- A different approach to the discoveries that astronauts make on Enceladus
- More realistic, though light, discussion of what a possible trip might entail
- Some moments of suspense to keep readers engaged
- Additional plot element regarding the astronauts seems unnecessary and almost added on as an afterthought
- Slow moments in the first half of the story since descriptions or plot elements can feel a bit heavy
- Dialogue seems forced and needs some work, and this makes characters seem almost robotic
Classified as hard science fiction, The Enceladus Mission isn’t overly technical to the point where it bores or disinterests readers. There’s just enough challenges to give the sense of space travel as being dangerous and exciting.
An international group of astronauts undertake a mission to the moon Enceladus because of an earlier unmanned mission that showed promising evidence of life.
Martin is a software engineer and the protagonist in the story. Francesca is the pilot. The mission commander is Amy. Three other astronauts round out the crew.
The story takes place onboard the vessel and on the moon Enceladus.
The Enceladus Mission Review
I have mixed feelings about The Enceladus Mission. The story itself is fine once readers can get past the first half, but the issues in the first half are likely to prevent people from completing the story. If that happens, then it’ll be a shame, considering the discoveries made by the astronauts are pretty interesting in terms of science fiction.
I’ll address the positive aspects first: many science fiction stories give readers the illusion of space travel as a walk in the park. That’s understandable since many writers don’t want to get bogged down by the details when the plot is elsewhere. For instance, the aspect of decompression is discussed in this book, but most science fiction writers ignore this aspect of space travel. Other, similarly technical aspects of space travel are discussed or revealed, giving readers the sense that space travel is not only dangerous, but also tedious—the astronauts have a daily regimen.
The moments of danger in the book are enough to give readers a sense of a handful of the dangers that may be present on a long manned space journey. But the exciting part of the story doesn’t take place until after the first half of the book.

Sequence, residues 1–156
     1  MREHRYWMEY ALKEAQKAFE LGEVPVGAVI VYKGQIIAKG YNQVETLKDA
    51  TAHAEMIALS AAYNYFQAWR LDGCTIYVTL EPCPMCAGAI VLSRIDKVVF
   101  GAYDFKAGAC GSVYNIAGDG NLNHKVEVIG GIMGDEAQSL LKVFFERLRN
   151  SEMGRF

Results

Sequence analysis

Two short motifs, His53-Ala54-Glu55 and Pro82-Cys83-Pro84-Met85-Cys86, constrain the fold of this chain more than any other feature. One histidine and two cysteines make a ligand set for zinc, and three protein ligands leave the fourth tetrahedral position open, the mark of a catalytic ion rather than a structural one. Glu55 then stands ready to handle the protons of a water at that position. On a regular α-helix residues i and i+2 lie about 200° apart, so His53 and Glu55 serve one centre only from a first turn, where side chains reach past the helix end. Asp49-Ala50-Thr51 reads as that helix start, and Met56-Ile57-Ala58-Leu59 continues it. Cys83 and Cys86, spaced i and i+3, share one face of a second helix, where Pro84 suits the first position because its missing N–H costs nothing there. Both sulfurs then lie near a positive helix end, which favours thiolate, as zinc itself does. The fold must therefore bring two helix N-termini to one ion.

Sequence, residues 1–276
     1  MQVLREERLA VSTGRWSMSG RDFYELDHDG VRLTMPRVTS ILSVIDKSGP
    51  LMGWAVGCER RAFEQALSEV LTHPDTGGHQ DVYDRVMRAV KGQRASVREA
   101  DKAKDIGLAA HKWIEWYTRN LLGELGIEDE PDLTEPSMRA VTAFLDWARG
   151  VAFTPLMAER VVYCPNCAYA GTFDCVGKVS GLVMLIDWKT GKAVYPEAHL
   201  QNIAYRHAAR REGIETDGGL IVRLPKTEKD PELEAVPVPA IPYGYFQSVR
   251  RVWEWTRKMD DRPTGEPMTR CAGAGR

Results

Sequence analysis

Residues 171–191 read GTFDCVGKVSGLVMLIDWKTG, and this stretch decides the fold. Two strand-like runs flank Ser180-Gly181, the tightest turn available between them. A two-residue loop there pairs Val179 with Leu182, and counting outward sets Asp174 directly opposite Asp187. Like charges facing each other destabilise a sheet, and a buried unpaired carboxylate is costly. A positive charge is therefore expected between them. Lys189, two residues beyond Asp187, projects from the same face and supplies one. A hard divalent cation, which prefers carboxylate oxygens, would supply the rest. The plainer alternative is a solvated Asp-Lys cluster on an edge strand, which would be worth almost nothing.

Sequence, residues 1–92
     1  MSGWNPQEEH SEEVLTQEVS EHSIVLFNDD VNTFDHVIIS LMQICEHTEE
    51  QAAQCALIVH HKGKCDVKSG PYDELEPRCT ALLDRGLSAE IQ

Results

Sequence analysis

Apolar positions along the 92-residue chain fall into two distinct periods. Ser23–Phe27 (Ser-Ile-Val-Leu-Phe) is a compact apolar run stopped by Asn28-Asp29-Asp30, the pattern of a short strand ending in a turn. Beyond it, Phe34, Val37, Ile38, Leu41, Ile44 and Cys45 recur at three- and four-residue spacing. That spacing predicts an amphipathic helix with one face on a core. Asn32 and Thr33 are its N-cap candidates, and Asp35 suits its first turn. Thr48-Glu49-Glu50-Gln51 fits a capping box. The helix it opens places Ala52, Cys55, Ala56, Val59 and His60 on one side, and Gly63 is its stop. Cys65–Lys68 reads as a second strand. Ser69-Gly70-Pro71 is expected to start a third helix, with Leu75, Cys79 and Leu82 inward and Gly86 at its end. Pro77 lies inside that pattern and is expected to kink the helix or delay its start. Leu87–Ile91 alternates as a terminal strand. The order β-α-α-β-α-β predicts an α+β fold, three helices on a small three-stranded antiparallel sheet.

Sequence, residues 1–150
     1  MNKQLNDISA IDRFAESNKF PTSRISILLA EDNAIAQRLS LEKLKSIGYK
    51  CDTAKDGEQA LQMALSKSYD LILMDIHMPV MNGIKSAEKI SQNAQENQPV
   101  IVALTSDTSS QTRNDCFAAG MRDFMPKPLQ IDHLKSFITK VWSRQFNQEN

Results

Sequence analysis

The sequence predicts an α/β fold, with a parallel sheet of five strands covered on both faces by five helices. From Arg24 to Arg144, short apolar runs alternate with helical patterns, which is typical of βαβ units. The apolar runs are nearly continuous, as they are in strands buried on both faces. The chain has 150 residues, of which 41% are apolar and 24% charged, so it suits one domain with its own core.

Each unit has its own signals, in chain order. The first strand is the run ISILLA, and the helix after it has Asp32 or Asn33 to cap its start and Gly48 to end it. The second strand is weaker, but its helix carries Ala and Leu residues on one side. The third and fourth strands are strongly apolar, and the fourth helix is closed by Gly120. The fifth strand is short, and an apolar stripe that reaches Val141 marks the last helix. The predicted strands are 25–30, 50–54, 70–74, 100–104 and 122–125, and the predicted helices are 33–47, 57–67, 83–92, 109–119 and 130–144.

The discovery the astronauts make on Enceladus is almost enough of a reward for readers who are patient with the story. That’s where more of the “fiction” part of science fiction reveals itself.
There’s some pretty clear foreshadowing early in the story that anticipates what will happen later, and it’s almost obvious enough that most readers will catch it.
The largest criticism I have for the book is that the dialogue seems unnatural—even moments of outbursts seem like an obvious attempt to sound more realistic. I think part of the issue stems from the fact that everyone is trying to be too polite and professional, making the dialogue sound forced.
This is especially true of Commander Amy’s lines. She’s almost robotic. Indeed, most of the crew, with the exception of the Russian doctor, don’t seem very lively. Even Watson, the ship’s artificial intelligence, has more character than the actual astronauts. That’s a problem when the ship’s artificial intelligence has more personality than the protagonist.
The Enceladus Mission by Brandon Q. Morris will appeal to readers who love hard science fiction and don’t care so much for the more creative liberties many science fiction writers take with their stories. Fans of Cixin Liu’s works, like Ball Lightning, may find some similarities with this book.
Otherwise, if you invest time in this book, give the astronauts a chance to reach Enceladus, and you’ll find yourself with a pretty interesting story.